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School of Hard Notts: Wrestling Resurgence Present Spandex Ballet

31 August 18 words: Chaz Wright
photos: Rob Brazier

On Saturday 8 September, three of Nottingham’s ‘ardest men will wrestle for supremacy in an inter-generational battle of wills to crown the Sheriff of the Nottingham grappling scene. Wrestling fans are used to seeing their larger-than-life heroes getting down to business in sports halls or nightclubs, but in a world first the “Battle of Nottingham” will be contested in the renowned Nottingham Contemporary art gallery - a venue more accustomed to chin-stroking than chin-music. Chaz Wright talks to Sam West, producer of the exciting new promotion Wrestling Resurgence, to find out more about Spandex Ballet...


Sam, one of the matches coming up at Spandex Ballet pits three generations of Nottingham’s best grapplers against each other; Stixx, Joseph Conners and Gabriel Kidd, in a highly anticipated local brawl – could you tell us a bit more about these three Nottingham Wrestlers?
When we started planning “Spandex Ballet” we knew we wanted the best of the local talent and when people think of Nottingham wrestling, they probably think of these three guys. Stixx is a legend on the Nottingham scene who has also built a big reputation with other promotions. Originally, we approached him to help us promote the show as he had recently retired, but luckily for us, he decided to get back in the ring, so of course we asked him to appear.  Stixx actually trained Conners, who is a great talent and is now doing big things wrestling with WWE and was always an essential booking for us. Neatly, Conners also trained Kidd who is a young star on his way up, building a big name for himself and currently appearing on national TV with World of Sport.

So it’s the old master vs apprentice story with three participants, sounds like it’s got the potential for a great match?
Wrestling Resurgence are a new company and we want to tell stories with compelling narratives, so this match was perfect. This is a story that really tells itself, based on the genuine history, relationships and respect between the three participants. What better way to promote a show in Nottingham than to have these three guys going at it in the ring at the same time?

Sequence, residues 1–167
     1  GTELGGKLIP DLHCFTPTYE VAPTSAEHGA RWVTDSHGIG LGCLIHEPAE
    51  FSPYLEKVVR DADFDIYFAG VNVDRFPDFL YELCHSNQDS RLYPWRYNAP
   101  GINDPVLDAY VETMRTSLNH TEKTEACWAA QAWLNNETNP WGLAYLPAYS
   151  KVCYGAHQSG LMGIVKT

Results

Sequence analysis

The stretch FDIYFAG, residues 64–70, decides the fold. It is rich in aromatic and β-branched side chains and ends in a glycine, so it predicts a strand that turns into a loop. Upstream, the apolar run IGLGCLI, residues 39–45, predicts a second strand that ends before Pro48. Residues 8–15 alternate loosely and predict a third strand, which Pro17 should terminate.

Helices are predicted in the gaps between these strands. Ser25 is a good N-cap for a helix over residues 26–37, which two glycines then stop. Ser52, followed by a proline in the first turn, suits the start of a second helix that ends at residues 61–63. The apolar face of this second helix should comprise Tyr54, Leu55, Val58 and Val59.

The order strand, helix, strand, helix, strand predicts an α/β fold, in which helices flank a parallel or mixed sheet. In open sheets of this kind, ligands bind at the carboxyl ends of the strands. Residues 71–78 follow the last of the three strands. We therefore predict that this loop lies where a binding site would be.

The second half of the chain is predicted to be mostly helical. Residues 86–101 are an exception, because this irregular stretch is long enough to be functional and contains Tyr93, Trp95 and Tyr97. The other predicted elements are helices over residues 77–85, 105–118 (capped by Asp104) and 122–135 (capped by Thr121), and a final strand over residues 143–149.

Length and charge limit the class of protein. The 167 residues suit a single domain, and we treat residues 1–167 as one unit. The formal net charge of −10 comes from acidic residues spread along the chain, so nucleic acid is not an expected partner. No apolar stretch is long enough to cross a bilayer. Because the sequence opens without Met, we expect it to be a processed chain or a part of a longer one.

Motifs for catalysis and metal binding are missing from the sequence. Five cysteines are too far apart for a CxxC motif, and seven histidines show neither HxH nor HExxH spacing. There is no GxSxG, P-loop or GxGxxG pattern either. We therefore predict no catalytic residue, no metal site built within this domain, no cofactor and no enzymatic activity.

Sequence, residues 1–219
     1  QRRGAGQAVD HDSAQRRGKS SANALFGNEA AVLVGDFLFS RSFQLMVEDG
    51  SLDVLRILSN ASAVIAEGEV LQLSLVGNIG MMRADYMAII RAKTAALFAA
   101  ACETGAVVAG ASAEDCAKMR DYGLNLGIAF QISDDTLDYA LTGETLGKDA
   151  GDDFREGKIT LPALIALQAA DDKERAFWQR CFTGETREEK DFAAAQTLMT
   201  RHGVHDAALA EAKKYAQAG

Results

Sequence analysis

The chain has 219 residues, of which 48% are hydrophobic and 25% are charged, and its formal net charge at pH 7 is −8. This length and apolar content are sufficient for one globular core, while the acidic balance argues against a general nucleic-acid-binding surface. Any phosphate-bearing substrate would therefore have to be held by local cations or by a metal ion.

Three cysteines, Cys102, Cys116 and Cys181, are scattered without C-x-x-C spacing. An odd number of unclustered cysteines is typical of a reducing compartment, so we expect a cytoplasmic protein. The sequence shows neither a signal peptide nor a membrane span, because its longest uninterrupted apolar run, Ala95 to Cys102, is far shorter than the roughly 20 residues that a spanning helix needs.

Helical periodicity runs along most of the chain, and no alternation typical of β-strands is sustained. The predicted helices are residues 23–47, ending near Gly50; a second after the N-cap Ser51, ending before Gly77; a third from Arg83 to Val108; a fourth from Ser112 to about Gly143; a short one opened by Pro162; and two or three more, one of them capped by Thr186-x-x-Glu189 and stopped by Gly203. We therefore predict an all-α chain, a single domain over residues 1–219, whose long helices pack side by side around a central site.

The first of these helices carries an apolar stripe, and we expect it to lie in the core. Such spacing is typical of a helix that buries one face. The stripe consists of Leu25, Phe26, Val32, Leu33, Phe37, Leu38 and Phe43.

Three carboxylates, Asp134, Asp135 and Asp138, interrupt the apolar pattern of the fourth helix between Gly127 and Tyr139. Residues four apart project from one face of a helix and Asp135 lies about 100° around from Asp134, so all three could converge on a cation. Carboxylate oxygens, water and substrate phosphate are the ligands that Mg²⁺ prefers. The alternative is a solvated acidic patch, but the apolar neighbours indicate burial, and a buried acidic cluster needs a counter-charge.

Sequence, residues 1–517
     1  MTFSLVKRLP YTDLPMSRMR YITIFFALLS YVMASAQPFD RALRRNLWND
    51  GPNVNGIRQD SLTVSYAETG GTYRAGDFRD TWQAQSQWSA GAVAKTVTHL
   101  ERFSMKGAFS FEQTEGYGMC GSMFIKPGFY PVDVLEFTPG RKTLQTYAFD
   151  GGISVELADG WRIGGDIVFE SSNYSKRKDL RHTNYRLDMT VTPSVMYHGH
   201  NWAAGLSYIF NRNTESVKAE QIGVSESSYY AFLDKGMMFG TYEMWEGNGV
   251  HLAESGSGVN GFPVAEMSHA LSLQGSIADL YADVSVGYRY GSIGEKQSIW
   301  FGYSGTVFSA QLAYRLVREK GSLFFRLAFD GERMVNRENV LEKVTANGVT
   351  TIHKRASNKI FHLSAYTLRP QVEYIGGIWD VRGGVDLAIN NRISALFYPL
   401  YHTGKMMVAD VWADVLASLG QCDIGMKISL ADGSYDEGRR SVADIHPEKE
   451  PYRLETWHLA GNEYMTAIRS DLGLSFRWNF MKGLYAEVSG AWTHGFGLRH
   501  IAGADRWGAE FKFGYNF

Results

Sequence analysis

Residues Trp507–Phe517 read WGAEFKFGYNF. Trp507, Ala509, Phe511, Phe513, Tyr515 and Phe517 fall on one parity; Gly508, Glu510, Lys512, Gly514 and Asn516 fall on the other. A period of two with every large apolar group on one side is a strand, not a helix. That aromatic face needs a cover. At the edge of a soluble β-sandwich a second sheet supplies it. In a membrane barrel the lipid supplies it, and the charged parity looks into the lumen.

Many of our readers won’t have attended live wrestling shows before, could you tell me a bit about your experiences at local wrestling, why live wrestling is such fun for the audience and what we can expect from the “Spandex Ballet” which, by the way, is a wonderful name for a wrestling show.
Thanks! We try to attract new audiences, so we have had quite a few people who hadn’t seen wrestling before at our earlier shows. I think one of the things that sets wrestling apart is the unique role the audience plays, it can be quite democratic with fans having a direct influence on the match, unlike like other sports or live theatre where the crowd is more distinct from the performers - it can be quite a buzz!

I think some people looking at wrestling from the outside might think it’s quite serious and violent but the silliness and comedy is a huge part, as well as spectacular action. It’s a pantomime mixed with a rock show. I would encourage any readers who have not been to a local show to give it a go - with the proviso that you might get addicted!


The “Battle of Nottingham” is just one of the matches you have lined up for grappling fans, which other bouts are you particularly excited about?
Women’s wrestling has just exploded in the last few years and we have a couple of women’s matches I am really excited about. I think Candy Floss vs Chakara is one that could be a show stealer. These two are great talents who have known each other since they were age thirteen, genuine best friends cutting their teeth in the business together, so once again it’s a great natural story for us to tell.